is a picture of being aware, unaware of what your potential is like what your body is capable of doing. And or you might have a very false idea of what your body can do. People say like, oh, like I could just, you know, pick up and run a marathon if I want to, I just don't want to. But as you actually know, when the rubber hits the road and you're actually training, you're very in tune with what your body can do, and also what your body cannot do. You know, marathon runners know when to stop training, when there's an injury or when there's an ache and pain. They know that they need to go to a physical therapist and get it Check it out, you know, and they're very in tune with the body's pain. You know, unlike couch potatoes, they're like, Man, my back hurts, I don't know where it's coming from, you know, you're not aware of all the aches and pains, just like this, when you're in a mental health journey, and you become more aware of your emotions and thoughts, a lot of times, you know, when I start to work with patients, they say about life events that have hurt them, and they're like decades ago, and they're just processing it today with me, you know, hindsight is 20/20. And of course, you are able to, if you're able to remember what happened, you know, decades ago, you can process that. But as you become more mentally healthy, you'll be more mentally aware, as of instead of saying, you know, what, what my coworker says last month, that really hurt my feelings, as she saying it to you, and you know that you are hurt. And you can address it at that moment, and process so that you're not looking back with regret or resentment or built-up anger. So you will be more aware of what your emotions and thoughts are in real life in real-time. The third group of benefits is control insight and knowledge. So if you're a couch potato, you know, they finally get dragged to a physician's office, and they drew lab and they find out that they have diabetes, a lot of them, if you see in a TV show, or in doctor's office, they're so surprised of their health conditions, or have their blood work results or health status, right? They're so surprised because they don't have the insight and knowledge and awareness of what's going on. But if you're actually striving to be healthy, the first thing you do is you go to the doctor's office, and you get the lab done, so that you know what you're dealing with, you know what your current status is. So all this knowledge that you're applying to yourself, it gives you a sense of control and plan, and you have an accurate understanding of what's to come and how you can change that. So just like in physical health, and mental health as well, if you're becoming mentally healthy, you will be more in control of your thoughts and emotions and behavior, and you will no longer be reactive and surprised that these life events happen, you can almost predict it to be happening. And then you can be very proactive in how you react to those life events. So for example, mentally healthy individuals know their triggers, they can proactively prepare themselves going into certain triggering events. So just like the example of you know, my patients have an upcoming conversation with ex-spouse or parents, they know it and they prepare themselves. And they plan and prepare for that upcoming triggers so that they can handle them in a smoother way that they can be proud of.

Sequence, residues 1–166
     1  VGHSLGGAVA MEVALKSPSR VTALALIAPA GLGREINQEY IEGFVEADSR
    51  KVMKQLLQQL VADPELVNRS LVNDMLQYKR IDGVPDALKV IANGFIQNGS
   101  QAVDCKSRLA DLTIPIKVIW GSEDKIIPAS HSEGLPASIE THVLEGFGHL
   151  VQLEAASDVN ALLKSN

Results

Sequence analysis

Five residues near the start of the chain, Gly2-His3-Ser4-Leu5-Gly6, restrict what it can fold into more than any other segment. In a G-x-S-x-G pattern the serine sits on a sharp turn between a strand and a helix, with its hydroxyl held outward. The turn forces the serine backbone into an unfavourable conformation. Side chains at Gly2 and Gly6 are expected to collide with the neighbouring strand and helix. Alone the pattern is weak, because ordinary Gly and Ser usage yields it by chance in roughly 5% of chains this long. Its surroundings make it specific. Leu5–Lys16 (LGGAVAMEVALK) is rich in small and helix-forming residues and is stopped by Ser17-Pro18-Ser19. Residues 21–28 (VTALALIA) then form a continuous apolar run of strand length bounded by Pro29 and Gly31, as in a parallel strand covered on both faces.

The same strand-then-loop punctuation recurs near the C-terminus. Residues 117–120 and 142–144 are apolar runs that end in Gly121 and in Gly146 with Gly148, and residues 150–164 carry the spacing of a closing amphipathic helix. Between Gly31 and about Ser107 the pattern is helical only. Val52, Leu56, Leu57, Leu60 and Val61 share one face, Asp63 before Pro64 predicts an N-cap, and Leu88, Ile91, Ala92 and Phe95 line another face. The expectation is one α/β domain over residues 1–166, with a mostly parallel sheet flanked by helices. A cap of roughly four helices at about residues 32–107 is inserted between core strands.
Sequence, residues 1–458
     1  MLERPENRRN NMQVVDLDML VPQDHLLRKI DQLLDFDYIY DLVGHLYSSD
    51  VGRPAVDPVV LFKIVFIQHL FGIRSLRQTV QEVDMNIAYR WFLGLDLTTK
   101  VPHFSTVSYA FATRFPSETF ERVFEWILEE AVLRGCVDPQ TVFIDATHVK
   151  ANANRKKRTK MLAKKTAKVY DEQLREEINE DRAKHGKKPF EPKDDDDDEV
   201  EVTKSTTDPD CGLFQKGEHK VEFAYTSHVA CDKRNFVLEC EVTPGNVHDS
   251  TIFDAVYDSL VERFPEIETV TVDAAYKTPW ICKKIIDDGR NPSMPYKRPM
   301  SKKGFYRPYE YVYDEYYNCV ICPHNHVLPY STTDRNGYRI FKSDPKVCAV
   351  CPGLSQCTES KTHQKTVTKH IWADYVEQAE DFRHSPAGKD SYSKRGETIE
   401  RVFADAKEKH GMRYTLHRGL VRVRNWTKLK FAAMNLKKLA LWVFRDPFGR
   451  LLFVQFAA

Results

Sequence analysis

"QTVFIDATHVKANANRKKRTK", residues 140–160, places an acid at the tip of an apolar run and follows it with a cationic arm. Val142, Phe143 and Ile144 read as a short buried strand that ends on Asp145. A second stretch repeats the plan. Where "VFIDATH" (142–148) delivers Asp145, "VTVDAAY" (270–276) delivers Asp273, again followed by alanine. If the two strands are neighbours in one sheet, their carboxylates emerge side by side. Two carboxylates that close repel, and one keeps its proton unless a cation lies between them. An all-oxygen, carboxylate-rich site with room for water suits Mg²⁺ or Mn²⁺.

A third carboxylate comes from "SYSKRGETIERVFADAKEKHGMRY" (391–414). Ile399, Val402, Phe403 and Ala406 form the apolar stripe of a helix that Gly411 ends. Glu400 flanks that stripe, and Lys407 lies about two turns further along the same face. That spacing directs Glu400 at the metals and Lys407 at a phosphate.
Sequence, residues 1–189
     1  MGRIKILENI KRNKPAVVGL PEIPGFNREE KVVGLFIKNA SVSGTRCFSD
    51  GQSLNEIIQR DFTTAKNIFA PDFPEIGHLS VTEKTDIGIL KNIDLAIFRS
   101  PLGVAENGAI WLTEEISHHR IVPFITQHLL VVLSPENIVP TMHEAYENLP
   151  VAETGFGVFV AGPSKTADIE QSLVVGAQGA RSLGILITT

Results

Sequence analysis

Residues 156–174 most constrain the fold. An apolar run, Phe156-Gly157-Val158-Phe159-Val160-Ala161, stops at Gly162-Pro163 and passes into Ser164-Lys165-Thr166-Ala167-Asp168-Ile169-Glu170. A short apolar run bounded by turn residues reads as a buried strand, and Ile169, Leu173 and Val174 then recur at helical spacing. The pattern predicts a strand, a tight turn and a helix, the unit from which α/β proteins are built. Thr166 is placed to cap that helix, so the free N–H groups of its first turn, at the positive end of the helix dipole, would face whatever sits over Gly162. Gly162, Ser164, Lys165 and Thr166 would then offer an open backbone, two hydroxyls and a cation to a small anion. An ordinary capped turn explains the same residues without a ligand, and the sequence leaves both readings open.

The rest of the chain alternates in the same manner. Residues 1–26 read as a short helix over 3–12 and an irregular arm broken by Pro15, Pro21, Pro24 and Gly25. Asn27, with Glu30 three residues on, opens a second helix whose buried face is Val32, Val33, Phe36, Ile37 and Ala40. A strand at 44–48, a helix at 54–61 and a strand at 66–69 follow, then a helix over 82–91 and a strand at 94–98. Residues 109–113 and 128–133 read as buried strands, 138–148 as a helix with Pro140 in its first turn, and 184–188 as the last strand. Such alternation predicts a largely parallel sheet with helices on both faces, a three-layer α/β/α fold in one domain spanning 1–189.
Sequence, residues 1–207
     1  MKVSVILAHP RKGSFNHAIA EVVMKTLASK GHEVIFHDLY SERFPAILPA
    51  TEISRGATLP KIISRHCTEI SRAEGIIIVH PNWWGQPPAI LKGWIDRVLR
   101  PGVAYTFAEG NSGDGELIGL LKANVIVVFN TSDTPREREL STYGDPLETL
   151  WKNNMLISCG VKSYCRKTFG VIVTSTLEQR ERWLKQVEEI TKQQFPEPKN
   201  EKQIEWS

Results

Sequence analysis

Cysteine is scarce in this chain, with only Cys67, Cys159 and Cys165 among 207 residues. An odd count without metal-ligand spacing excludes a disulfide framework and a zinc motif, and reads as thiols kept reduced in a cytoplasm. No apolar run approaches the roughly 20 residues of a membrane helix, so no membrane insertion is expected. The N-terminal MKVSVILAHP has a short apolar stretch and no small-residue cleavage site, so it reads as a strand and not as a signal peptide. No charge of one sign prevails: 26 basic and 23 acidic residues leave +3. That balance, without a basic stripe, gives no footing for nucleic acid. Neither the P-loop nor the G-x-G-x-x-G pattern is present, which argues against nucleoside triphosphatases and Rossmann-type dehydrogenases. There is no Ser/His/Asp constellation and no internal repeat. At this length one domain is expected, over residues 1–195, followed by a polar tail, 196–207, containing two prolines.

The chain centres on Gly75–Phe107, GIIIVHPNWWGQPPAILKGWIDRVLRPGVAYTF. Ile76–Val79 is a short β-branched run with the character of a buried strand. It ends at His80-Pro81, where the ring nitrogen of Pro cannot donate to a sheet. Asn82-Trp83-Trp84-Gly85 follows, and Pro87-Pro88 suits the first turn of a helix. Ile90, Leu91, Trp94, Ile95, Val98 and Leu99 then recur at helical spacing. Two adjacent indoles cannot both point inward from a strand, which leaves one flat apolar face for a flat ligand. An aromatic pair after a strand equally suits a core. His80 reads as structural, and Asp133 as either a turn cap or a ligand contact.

The next group is integrity and maturity. There are a lot of people who are into couch potato status and various walks of life that teach a lot of people how to live. I don't know if you're familiar with these people, but they have a lot to say. But their life choices do not represent what they teach at all. They're not a credible sources of knowledge and wisdom. But when you're actually practicing what you preach, you start to actually have credibility and validity in what you're sharing with other people. And weirdly, if you're practicing what you preach, you don't have a policy problem, you actually have humility. When you're emotionally and cognitively mature, and you're mentally healthy, you start to become very humble, and honest. And this is a true sign of maturity. The next group of benefits is independence, when you're a couch potato secretly insecure about where you are, you're very reactive and hypersensitive to other people's comments and looks and criticism. And sometimes people react in anger and justify their status and say the world is just full of haters, right? But when you're actually practicing what you preach, no matter what shape you are, and what size you are, you start to become more independent from other people's opinions. As you're kind of doing this journey of being physically healthy. You have a plan and you're doing that and you're crushing it. When other people say you know mean things to you or even constructive criticism. You start to be able to take the part that is helpful to you and take it as information but doesn't change the status of what you think of yourself or your ego. When you're on a mental health journey. You're no longer defensive or desperate for other people's approval. You just know how to do you, you start to become very grateful. In accepting constructive criticism, and just seeing as that, and the last group of benefits is community when you're a couch potato, you're very isolated. Socially, you don't leave the house, you're sitting on a couch in your own thoughts or just trying to busy yourself watching TV by when you're out there, you're trying to achieve your goal. Soon enough, you will find people who want to achieve similar goals as you are, and go on a run with you, you know, workout with you, or cook with you, and share ideas and tips, you know, in the fitness journey. Just like this, if you're engaging in mental health journey for yourself, you might have a lot of haters in the beginning, as you move forward, you'll start to meet people who are like-minded, and who have the same goal as you. We explored the analogy of couch potato training for a marathon and kind of related that to what training for mental health race looks like, I'm going to start to share three things that I wish I knew before I started my mental health journey.